The Solaris operating environment offers value-added components in addition to the SVR4-based operating system. These make computing easier and create new opportunities for users, system administrators, and developers.
In general, the merge of established UNIX variants into SVR4 and the Solaris operating environment was done by consolidating the existing functionality while maintaining compatibility for existing applications. As a result, features and commands were added or withdrawn in some cases.
For users, the Solaris operating environment incorporates a suite of powerful DeskSetTM applications to enhance personal productivity. All DeskSet applications rely on the drag-and-drop metaphor, enabling users to carry out complex UNIX commands with a mouse. Some of the features are:
Calendar Manager. A time management application that displays appointments and ToDo items for a day, week, or a month at a glance. It also contains a multibrowse feature that makes scheduling meetings among a group of users easy. Multiple calendars can be overlaid simultaneously to determine convenient meeting time slots at a glance.
A 64-bit Solaris application and operating environment (SPARC platforms only) for developing 64-bit applications, allowing new 64-bit applications to manipulate large address spaces, and running a larger number of existing 32-bit applications.
Device information. Administrators can use these optional utilities to obtain information about installed devices including device names, attributes, and accessibility. Administration can be simplified by creating device allocation pools, a feature not previously found in UNIX systems.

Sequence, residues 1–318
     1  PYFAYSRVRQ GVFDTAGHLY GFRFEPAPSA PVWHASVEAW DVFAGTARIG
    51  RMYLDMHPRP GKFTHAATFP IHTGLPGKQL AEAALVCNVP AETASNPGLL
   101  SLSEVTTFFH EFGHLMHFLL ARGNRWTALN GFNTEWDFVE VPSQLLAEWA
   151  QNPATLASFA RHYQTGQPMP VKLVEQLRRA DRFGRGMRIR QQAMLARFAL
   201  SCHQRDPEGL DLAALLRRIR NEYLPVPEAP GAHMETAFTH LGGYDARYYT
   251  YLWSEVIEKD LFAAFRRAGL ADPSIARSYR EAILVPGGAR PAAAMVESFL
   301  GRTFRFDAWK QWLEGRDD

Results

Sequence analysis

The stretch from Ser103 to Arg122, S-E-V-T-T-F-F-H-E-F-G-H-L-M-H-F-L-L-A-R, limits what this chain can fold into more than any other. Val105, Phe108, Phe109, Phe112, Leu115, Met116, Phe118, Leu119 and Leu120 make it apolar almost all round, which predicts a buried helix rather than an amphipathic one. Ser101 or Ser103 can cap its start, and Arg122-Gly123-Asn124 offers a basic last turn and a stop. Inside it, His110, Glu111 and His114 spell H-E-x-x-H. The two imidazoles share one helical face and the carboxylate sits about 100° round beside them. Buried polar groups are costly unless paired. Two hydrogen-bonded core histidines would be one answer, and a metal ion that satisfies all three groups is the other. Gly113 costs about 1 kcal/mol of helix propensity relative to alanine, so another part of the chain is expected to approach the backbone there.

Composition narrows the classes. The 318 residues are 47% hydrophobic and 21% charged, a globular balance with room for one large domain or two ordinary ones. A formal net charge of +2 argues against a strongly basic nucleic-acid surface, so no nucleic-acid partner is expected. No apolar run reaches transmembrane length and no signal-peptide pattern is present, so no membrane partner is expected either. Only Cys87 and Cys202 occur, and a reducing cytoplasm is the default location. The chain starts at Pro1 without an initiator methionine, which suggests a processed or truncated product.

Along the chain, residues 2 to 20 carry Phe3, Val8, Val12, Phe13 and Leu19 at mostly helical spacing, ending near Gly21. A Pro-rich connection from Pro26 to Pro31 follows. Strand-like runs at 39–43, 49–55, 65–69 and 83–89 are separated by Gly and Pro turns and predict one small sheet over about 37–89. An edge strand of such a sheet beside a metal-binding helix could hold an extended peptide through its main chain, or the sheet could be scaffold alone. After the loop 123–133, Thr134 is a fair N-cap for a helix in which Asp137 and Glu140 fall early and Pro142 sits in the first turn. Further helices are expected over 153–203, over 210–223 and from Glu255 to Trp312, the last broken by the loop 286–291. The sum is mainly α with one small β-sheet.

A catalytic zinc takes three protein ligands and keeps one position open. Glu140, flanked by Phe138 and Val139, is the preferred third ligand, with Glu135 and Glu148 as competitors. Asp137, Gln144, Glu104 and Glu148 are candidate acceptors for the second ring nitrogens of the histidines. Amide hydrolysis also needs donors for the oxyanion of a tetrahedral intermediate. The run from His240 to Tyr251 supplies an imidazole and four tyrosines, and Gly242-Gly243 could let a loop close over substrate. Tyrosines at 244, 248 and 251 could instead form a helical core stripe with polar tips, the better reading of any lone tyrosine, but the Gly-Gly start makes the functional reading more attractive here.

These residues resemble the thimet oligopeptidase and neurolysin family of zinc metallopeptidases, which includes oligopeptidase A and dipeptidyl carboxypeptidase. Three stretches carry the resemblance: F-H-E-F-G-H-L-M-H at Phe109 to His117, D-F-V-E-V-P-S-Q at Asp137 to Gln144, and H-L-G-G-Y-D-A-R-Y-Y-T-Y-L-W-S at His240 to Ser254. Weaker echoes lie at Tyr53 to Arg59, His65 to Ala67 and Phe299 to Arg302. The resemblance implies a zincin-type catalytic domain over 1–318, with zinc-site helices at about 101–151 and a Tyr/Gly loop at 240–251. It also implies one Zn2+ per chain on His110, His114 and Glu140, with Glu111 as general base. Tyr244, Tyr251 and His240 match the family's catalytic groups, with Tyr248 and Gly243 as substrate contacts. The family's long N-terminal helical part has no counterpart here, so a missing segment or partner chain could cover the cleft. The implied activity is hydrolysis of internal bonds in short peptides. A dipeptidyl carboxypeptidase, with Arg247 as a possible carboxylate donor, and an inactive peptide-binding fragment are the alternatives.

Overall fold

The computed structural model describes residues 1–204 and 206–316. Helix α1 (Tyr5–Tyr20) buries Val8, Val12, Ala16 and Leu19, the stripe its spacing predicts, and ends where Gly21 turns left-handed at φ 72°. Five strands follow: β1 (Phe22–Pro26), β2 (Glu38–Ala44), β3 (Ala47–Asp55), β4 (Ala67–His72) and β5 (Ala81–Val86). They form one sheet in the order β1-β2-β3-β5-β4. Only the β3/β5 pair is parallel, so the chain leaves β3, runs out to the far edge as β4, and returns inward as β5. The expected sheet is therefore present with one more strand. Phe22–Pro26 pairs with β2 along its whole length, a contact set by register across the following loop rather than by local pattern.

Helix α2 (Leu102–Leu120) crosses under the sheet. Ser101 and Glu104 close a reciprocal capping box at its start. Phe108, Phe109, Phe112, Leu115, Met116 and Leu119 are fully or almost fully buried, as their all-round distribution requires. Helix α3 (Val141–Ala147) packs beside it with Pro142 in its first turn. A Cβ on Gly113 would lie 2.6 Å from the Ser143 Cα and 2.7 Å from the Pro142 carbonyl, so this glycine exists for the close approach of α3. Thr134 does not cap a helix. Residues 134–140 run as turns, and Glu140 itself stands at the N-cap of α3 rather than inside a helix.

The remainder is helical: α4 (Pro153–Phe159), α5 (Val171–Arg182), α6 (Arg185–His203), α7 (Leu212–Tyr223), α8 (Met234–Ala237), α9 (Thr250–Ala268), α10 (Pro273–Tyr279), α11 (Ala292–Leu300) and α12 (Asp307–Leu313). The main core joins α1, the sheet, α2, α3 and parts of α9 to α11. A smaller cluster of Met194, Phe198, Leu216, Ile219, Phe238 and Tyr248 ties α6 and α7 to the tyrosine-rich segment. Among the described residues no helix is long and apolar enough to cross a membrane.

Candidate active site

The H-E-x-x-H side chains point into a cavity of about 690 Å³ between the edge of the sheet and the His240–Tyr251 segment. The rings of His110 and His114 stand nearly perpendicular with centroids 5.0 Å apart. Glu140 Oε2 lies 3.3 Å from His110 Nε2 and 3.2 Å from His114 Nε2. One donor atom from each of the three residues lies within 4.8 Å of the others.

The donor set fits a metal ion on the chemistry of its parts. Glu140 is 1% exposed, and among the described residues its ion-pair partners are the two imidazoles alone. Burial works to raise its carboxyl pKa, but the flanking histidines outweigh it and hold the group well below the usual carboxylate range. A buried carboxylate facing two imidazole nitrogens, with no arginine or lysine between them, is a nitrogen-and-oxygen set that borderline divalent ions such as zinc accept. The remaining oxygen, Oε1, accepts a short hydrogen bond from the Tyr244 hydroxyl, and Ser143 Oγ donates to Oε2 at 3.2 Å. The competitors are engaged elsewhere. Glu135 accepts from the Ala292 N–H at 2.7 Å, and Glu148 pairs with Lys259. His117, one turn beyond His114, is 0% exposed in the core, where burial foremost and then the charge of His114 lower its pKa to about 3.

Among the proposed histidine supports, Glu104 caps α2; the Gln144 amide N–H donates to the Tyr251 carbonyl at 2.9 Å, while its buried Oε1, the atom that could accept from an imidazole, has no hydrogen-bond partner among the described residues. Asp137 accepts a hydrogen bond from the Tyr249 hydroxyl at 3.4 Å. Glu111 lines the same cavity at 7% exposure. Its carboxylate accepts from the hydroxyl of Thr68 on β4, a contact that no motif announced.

File system administration. These utilities enable administrators to create, copy, mount, debug, repair, and unmount file systems; create and remove hard file links and named pipes; and manage volumes.
Interprocess communication. Two interprocess communication utilities create, remove, and report on the status of the system's interprocess communication facilities (message queues, semaphores, and shared memory IDs). They provide information helpful in tuning the system.
Process management. The process management utilities help you control system scheduling. Using these utilities, you can generate reports on performance, logins, disk access locations; and seek distances to better tune system performance. In addition, you can change the system run level, kill active processes, time the execution of commands, and change the default scheduling priorities of kernel, timesharing, and real-time processes.
User and group management. With these utilities, a system administrator can create and delete entries in group and password databases, specify default home directories and environments, maintain user and system logins, and assign group and user IDs. The utilities support both primary and supplementary user groups.
Admintool. Admintool, which runs under the OpenWindowsTM environment, provides system management facilities to help add hosts, manage the network, and perform many other routine tasks on local systems.
Auto configuration. The Solaris operating environment has a dynamic kernel, which means that it loads drivers and other modules into memory when the devices are accessed. You no longer need to rebuild the kernel after installation, nor must you add or remove drivers.
Security. The automated security enhancement tool (ASET) is a utility that improves security by allowing system administrators to check system file settings including permissions, ownership, and file contents. ASET warns users about potential security problems and, where appropriate, sets the system file permissions autonomically according to the specified security level.